As our busy schedule continued we received an application for Principal of the new school from David Woodroofe of Araluen Christian School in Alice Springs. This caught us by surprise as we hadn’t advertised for staff at this stage, so we acknowledged the application and placed it on our pile of things to address.
In the light of our financial position Roxanne suggested that we earnestly seek the Lord over the next 7 days asking Him for specific direction – to which everybody agreed. During this meeting Julie sensed the Lord saying that He would supply us with more than we asked for, which resulted in a great sense of unity and direction throughout the prayer time. We returned from our 7 days of prayer with nothing to report. Our faith levels were so high that we had almost expected somebody to walk up to one of us and present us with a cheque for $100,000. So again we set out to seek the Lord for another week. Again we returned with no clear direction and certainly no cheque. By now we were getting a little nervous, but decided to go before the Lord for another week and wait for His provision. The third week passed and still no sign of any money or clear direction. We were almost embarrassed to talk about what might happen as a result of our failure to receive either money or direction. That week I went to God’s word in search of some clue as to why we hadn’t received the provision that we were so sure would come. The Lord drew me to the account of Samuel anointing Saul as King of Israel. The thing that caught my attention was the fact that Saul was now anointed as King, yet had no Kingly duties, nor a palace, or even a throne to sit on. Samuel simply told him to go about whatever his hand found to do. This spoke to me as though God was saying “don’t just sit around waiting for me to do something, you go and do what you have to do, and I will do what you can’t.”
We had made the mistake of waiting for God, when God was waiting for us. I realized that God would meet our needs as we stepped out in faith but not as we sat around waiting. After all, there is little faith required when action is dependent on everything being in order and amply supplied. God wanted us to walk by faith, not by sight. We set about approaching banks for finance (as this seemed like an obvious thing to do when money is needed) only to find that they wouldn’t touch us. One bank manager actually laughed when I spread our proposal out on his desk.
While the search for funds was continuing we were also negotiating with a couple of builders concerning the construction of a double classroom block with two offices as well as the purchase of some farming land adjacent to the local state schools. These negotiations took place while our bank balance was extremely lean.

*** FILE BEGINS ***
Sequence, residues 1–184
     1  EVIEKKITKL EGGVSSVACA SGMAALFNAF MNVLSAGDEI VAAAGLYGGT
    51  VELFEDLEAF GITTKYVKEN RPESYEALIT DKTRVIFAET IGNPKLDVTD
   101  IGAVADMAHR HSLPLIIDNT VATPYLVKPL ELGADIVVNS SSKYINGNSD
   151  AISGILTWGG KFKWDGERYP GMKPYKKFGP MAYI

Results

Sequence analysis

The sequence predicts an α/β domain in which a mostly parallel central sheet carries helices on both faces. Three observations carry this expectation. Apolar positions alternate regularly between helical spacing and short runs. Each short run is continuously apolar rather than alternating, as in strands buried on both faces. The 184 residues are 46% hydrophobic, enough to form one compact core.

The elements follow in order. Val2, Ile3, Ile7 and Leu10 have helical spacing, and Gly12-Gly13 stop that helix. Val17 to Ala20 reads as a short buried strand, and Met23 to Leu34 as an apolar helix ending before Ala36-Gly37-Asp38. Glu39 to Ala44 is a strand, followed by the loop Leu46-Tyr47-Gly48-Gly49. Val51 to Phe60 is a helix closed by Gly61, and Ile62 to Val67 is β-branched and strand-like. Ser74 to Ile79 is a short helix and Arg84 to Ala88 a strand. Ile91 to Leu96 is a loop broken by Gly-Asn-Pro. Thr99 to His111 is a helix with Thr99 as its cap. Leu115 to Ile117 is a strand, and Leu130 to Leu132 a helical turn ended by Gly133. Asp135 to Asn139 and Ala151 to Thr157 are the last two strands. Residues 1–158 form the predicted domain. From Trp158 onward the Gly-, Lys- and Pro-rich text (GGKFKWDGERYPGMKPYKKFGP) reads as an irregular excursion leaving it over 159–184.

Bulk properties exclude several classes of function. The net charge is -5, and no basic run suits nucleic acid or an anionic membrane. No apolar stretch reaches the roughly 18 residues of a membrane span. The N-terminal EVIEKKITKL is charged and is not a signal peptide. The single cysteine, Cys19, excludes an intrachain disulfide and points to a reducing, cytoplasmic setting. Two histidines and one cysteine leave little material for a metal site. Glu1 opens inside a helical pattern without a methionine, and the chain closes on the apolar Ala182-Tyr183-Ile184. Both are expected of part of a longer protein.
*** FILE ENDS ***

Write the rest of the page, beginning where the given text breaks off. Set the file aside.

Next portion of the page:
In light of the banks inability to see the marvellous potential of our venture, we decided to write letters to various companies, churches and individuals asking for donations or loans. This exercise proved to be as fruitful as the banks. One morning I decided to approach a Christian brother with my bold request for funds. This meeting resulted in an interest free loan of $30,000, praise the Lord! We now had the confidence to proceed with the signing of the contracts of land and building – even though we were still way short of the final sum required. The decision was made to build the school to lockup stage until the rest of the money could be found.
The pace of events and sheer uncertainty of everything was demanding fast decision making and mountains of work, which left us gasping for breath at times, however the biggest test lay around the corner. I was walking across our front lawn after collecting the mail, when I opened the letter. As I read its contents my heart sank and I sat down on the lawn like a deflated balloon. I listlessly commented to Libby “Well, if God wanted to get us to a place where we have weeks to prove we could operate the school without government funding; provide details regarding the building we would be teaching in and supply them with detailed curriculum documentation outlining what would be taught and how it would be taught, we haven’t.” If we failed to satisfy their requirements the school would not be registered and could therefore not operate. The law had only just been changed concerning registration, leaving us one of the first schools to apply for registration under a new system, hence nobody could advise us on what to submit on our application. Obviously we had not met the requirements. After just keeping our heads above water through all the uncertainty and work, it felt like we were going to drown. There was no way we could satisfy these requests within two weeks.